Chromosomal Localization of I-TAC.
The chromosome location of I-TAC was determined by PCR amplification of human/rodent somatic cell-hybrid genomic DNAs with primers designed to flank the predicted position of intron 1 (based on alignment of I-TAC cDNA with the known gene structure of IL-8; reference 47). These primers amplified a genomic product of ∼700 bp, whereas the cDNA product is 105 bp (data not shown). No product was detected in either hamster or mouse genomic DNA controls. The PCR analysis of the somatic cell-hybrid genomic DNA panel using these primers yielded products only in hybrids containing human chromosome 4 (data not shown). Thus, the gene encoding I-TAC maps to chromosome 4 as do other CXC chemokines, with the exception of SDF-1.
Expression of I-TAC mRNA.
To determine the tissue distribution of I-TAC mRNA, we performed Northern blot hybridization using the I-TAC cDNA as probe. The highest levels of I-TAC mRNA were detected in peripheral blood leukocytes, pancreas, and liver, followed by thymus, spleen, and lung (Fig. 3). Lower levels were detected in placenta, prostate, and small intestine. The size of the I-TAC mRNA is ∼1.4 kb, the same size as the full length cDNA sequence in Fig. 1. However, a transcript of ∼4.5 kb was also detected in pancreas, peripheral blood leukocytes, and spleen (Fig. 3). Interestingly, a heterogeneous range of transcripts from ∼1.3 to 6 kb was detected in liver and small intestine, which cannot be explained by RNA degradation, since discreet bands were detected in these lanes using other genes as probes (data not shown). These bands may represent alternatively spliced I-TAC transcripts, or cross-hybridizing mRNAs, although we have not investigated this further.
To investigate the regulation of I-TAC mRNA by IFN, we used real time quantitative reverse transcriptase PCR (48). β-actin mRNA was simultaneously amplified and the levels of I-TAC PCR product were normalized to the levels of β-actin PCR product. The lowest level of I-TAC PCR product detected within the samples analyzed was arbitrarily set at one and corresponds to the mRNA detected in cultured unstimulated astrocytes (Table 1). IFN-γ upregulated I-TAC mRNA in all cell types examined. The greatest induction, 14,000-fold, was observed in astrocytes. Furthermore, IL-1 synergized with IFN-γ to give an ∼400,000 fold increase of I-TAC mRNA in astrocytes. This synergy was not observed in monocytes. In monocytes, IFN-β induction of I-TAC mRNA was similar to IFN-γ induction. Finally, IFN induction resulted in a significantly higher I-TAC mRNA level in astrocytes compared with the basal level detected in pancreas, lung, or liver (Table 1). These results demonstrate a tremendous upregulation of I-TAC mRNA in astrocytes stimulated with IFN-γ together with IL-1, and further confirm the previous report that the β-R1 gene encoding I-TAC is regulated by IFN (46).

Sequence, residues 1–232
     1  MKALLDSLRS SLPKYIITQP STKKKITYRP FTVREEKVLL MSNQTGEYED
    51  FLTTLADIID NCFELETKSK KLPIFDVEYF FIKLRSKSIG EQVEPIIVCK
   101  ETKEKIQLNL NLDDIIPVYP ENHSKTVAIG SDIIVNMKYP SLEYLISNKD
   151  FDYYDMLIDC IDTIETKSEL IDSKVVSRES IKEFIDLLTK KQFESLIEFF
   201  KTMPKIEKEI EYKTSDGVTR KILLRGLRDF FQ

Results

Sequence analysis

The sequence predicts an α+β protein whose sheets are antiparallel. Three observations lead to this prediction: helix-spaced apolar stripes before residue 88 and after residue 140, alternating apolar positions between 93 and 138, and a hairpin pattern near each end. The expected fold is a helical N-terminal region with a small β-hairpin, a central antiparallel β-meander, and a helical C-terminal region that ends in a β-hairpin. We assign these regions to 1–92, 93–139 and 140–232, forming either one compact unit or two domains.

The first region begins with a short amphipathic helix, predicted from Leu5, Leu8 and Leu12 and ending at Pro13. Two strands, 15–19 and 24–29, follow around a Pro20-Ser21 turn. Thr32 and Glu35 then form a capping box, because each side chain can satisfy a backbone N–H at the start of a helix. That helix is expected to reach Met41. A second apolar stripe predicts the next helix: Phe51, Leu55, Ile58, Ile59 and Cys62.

Chemotactic Activity of I-TAC.
Since I-TAC shares the greatest sequence similarity with IP-10 and HuMig, we predicted that it would have similar biological activities and evoke similar responses in T cells. To test this hypothesis, we chemically synthesized the predicted mature I-TAC polypeptide and used the purified material to perform chemotaxis assays on PHA-stimulated peripheral blood T cells cultured in the presence of IL-2 for 8–15 d. I-TAC induced a potent chemotactic response in activated T cells that peaked at 10 nM and decreased at higher concentrations in a typical bell-shaped chemotactic response curve (Fig. 4). I-TAC was equipotent to IP-10, but the efficacy was much higher, i.e., twice as many cells migrated in response to 10 nM I-TAC than to 10 nM IP-10 (Fig. 4). No response was observed with freshly isolated, untreated T cells, monocytes, or granulocytes (data not shown), indicating that, like IP-10 and HuMig, I-TAC is selective for activated T cells (13).